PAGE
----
Metro prepares for bad weather

Metro officials said they have extended some employees shifts and are working to stage equipment at various locations throughout the system to prepare for the severe weather that is expected to hit the D.C. area today.

(Katherine Frey for The Washington Post)

The agency said it is watching areas that may become flooded and will make changes to its bus routes accordingly. It is putting out light towers, emergency generators, mobile pumps and other equipment in places that could have flooding troubles. It has 15 remote generators and two large generator trucks to deal with station power outages.

Some employees shifts will overlap with others to make sure enough personnel are on hand to deal with situations, Metro officials said.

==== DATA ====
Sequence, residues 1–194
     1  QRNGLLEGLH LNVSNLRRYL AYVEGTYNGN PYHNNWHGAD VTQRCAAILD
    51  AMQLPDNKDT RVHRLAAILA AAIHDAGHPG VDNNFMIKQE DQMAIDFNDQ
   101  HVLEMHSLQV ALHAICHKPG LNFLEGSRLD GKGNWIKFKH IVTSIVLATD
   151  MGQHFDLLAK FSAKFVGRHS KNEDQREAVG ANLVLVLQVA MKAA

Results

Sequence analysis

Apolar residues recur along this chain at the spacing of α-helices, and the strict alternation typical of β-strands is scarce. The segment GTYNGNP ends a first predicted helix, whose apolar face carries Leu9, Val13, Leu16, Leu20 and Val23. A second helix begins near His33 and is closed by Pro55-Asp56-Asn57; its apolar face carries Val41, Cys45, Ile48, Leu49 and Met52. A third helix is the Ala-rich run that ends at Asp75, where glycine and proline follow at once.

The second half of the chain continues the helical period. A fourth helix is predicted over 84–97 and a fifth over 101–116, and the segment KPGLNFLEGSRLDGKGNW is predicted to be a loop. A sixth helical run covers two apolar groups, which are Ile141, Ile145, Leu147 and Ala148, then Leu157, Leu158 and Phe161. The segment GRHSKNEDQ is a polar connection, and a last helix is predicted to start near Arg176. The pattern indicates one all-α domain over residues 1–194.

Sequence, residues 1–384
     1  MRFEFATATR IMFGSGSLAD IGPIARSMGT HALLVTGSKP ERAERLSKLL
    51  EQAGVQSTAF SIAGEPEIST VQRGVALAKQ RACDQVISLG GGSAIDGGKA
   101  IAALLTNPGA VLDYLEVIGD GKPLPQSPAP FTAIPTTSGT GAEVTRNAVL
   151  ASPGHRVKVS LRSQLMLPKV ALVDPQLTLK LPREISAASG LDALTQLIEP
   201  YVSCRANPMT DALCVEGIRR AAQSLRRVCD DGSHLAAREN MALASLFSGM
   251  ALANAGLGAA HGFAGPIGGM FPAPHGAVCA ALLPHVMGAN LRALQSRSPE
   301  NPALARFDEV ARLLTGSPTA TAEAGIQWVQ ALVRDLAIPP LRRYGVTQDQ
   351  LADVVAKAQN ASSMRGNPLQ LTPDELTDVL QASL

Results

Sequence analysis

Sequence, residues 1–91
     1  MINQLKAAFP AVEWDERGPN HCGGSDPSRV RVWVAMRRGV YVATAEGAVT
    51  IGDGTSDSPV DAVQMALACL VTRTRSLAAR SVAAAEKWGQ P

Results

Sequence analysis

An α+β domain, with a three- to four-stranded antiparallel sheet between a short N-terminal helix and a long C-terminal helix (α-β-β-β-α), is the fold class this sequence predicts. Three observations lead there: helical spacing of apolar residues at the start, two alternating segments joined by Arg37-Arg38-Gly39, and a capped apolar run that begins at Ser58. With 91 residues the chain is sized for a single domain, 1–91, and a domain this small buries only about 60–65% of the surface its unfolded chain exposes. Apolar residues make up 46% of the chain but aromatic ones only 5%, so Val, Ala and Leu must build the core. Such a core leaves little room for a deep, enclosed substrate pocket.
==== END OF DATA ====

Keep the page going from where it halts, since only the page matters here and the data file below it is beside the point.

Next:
Officials warned that while they are monitoring the weather, rail and bus customers could experience unexpected delays related to the weather. Trains may have to run at slower speeds if there are severe weather conditions that affect above ground stations, Metro said.

“Every effort will be made to maintain safe, reliable service,” Metro said in an advisory alert.

Metro also reminded customers to not get off a train if it does lose power because it is extremely dangerous. In the last year, Metro has had two incidents where passengers got off stranded trains without clear direction or supervision from officials.

Dana Hedgpeth is a Post reporter, working the early morning, reporting on traffic, crime and other local issues.



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